SoftLayer it's been wonderful. We been having softlayer rocket battles ... #SENDREINFORCEMENTS

Those kinds of comments can put a smile on any SLayers face! :-)

If you have any wonderful comments to say about SoftLayer or an individual employee, don't be scared to tell us ... Your comment might just be featured in our next "Weekly Breakdown." Comment on this blog, use SoftLayer's "Get Satisfaction" page, tweet @SoftLayer or post to our Facebook page. We love to hearing from you and working hard to remain the "best hosting company [you] know of!"

As you can see, the Weekly Breakdown covers a lot of SoftLayer goodness in a given week. It takes a little work to keep a 700-SLayer organization on the same page, but that work pays off exponentially when the team is able to share accomplishments, praise and goals. I'd highly recommend you trying your own weekly internal newsletter ... Now leave us some SL praise!

-Natalie

January 16, 2012

What I've Learned About Leading

What does it take to be a good leader? What kind of leader do you want to follow? Throughout my life, I've gravitated toward leadership positions. Even when I was young, I tended to take charge of a group to achieve a goal or accomplish a mission ... though most of the "missions" in my younger days happened to be some sort of mischief. Having participated in the Boy Scouts and JROTC, I joined the Marine Corps where I served for seven years, and throughout my life, I've been fortunate to have more than my fair share of incredible mentors.

When my service in the Marine Corps concluded, I "enlisted" at SoftLayer as a data center technician. My primary responsibilities included building severs to order and installing software for our customers in four hours or less, and it was all pretty foreign to me. I had a lot to learn about the technical side of operating a data center, but based on my impression of the company, I was confident that I'd be in good hands.

Because I always find myself asking for more challenges and additional responsibility, I transitioned into a Customer Systems Administrator role. The CSA position required a lot more learning (at a breakneck pace), and in addition to the technical aspect of the job, I found myself learning just as much about the 'soft skills' required to provide the great customer service. Equipped with that knowledge (and a bit more experience), I pursued a leadership role on the team, and I made it my goal to use what I'd learned in the data center and in support to lead my team. I'd be lying if I said it wasn't a challenge, but I've never backed down from one before.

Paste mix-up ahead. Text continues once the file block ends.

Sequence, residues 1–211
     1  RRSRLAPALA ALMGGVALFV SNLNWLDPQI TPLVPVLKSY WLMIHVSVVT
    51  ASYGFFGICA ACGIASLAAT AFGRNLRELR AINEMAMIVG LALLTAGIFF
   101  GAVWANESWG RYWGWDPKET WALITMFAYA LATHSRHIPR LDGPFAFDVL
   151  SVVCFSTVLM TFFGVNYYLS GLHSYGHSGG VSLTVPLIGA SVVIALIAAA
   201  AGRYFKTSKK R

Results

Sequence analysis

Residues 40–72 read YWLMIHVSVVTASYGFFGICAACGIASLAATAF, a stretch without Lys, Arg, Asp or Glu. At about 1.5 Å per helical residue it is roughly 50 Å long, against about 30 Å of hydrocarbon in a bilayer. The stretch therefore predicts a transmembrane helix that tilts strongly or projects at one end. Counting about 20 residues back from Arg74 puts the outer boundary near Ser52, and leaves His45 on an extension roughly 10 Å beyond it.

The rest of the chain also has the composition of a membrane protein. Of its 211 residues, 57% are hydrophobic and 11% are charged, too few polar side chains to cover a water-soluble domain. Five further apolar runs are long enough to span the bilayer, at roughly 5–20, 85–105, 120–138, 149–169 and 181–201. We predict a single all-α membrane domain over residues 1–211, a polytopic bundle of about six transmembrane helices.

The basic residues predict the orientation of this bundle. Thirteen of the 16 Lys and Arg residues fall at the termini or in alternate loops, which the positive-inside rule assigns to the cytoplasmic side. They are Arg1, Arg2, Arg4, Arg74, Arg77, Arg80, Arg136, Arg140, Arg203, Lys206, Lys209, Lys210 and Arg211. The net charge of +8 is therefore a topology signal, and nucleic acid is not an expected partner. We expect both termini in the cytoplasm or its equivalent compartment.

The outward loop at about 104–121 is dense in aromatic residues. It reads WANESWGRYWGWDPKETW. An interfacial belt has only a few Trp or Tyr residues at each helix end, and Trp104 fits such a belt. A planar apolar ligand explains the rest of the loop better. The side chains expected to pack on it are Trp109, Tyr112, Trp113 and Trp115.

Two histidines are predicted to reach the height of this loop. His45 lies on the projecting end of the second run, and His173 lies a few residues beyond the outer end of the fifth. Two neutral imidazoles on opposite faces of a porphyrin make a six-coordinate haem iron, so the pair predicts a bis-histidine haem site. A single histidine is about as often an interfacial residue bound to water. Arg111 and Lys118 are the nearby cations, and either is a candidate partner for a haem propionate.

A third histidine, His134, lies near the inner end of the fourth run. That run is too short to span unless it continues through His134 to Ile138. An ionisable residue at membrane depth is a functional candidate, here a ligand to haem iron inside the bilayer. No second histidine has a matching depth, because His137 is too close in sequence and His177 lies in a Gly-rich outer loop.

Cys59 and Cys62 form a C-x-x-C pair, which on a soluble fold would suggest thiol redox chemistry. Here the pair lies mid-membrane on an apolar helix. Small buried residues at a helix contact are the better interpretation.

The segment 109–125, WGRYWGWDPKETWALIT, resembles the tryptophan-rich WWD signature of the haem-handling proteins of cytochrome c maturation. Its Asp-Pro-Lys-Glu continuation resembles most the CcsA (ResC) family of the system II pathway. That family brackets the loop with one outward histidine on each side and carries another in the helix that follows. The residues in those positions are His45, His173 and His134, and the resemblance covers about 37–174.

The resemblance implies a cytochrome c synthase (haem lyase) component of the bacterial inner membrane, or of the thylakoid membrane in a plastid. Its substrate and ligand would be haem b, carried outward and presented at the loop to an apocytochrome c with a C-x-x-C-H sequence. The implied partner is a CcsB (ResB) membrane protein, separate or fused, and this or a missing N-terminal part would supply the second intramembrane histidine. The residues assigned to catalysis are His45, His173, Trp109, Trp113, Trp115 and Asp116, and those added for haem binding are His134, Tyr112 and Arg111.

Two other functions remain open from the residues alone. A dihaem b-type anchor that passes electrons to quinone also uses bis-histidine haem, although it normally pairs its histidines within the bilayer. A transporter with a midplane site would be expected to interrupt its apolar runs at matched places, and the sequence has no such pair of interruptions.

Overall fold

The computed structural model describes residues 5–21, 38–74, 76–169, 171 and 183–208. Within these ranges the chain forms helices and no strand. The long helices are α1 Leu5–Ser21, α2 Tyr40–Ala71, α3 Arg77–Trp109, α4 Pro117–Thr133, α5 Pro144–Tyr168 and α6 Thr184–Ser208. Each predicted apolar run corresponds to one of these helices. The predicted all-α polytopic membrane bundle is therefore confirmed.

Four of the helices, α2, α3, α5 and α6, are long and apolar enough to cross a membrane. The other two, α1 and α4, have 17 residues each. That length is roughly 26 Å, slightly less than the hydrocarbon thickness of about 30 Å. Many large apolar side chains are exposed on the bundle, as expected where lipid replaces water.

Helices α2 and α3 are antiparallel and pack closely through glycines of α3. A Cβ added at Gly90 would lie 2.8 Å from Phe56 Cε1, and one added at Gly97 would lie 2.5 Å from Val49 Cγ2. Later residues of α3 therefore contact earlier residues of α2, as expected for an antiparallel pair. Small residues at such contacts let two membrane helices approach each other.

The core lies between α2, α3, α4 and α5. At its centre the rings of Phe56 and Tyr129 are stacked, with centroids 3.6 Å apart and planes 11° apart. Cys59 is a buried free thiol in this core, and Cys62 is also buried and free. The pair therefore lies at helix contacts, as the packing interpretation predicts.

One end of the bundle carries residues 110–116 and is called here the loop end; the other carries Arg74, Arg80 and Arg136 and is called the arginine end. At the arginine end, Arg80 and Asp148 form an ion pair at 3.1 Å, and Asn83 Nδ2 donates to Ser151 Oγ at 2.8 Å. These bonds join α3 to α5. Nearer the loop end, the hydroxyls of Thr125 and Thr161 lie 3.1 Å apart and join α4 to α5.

I don't mean to make this post all about me ... my goal in sharing a little of my background is to give a little context for what I've learned about leadership. It goes without saying that I've been fortunate, both in the Marine Corps as well as with SoftLayer, to have some of the most intelligent, talented and sometimes downright enigmatic leaders. I've managed to pick up advice, tips and tricks for handling all of the curveballs that are thrown on a daily basis, and over my years as a leader, I've developed a few philosophies (an amalgam of some of the key points I absorbed from all of those who have led me in the past) that I try to abide by daily:

Lead by Example.

I make it a point to never ask someone to do something that I've never done or something that I'd never be willing to do. This is the keen avoidance of the "do as I say, not as I do" mentality. Failing to do this hands-down one of the easiest ways to lose your team.

Employ Your Team to Their Abilities. Empower Them to do Their Best Work.

It's very important to know your team's strengths and weaknesses and use those to make everyone better. Using the strengths of one team member, I can push another outside of his or her comfort zone to improve his or her overall skill set. I've also seen amazing results from providing freedom for my teams to make decisions. Not only does that freedom build trust, it also gives some real "ownership" to every person, and with that sense of ownership, each team member does better work. I've been a little surprised to notice this empowerment coming from the coffee juggernaut Starbucks: Starbucks baristas and store employees are encouraged to make real-time decisions in the interest of taking care of their customers.1

Keep Learning.

Leading a team requires that you stay on top of what they're doing. Always ask questions. Continue to research so you can be a resource for your team. Find opportunities to learn and take advantage of every one of them.

Most Importantly: Learn how to Have Fun.
I see this cliché often, so when you see, "Have Fun," I wouldn't be surprised if you just rolled your eyes. I'd be lying if I said that things were great all of the time ... Realistically in any business, there's going to be a time or two when the *&#@ is going to hit the fan. It's important to find opportunities to cut loose and relax a bit. Cooking steaks for the group during a long overnight shift, grabbing a bite after work or a providing a happy hour once in a while builds a great deal of cohesion outside the office walls. Providing a relaxed environment does not prevent your team from doing stressful work ... It actually builds camaraderie, and it will help the team get through those tough times. The brutal honesty is that if people aren't enjoying where they're at, they'll look elsewhere – leaders have to help foster an environment that enables success.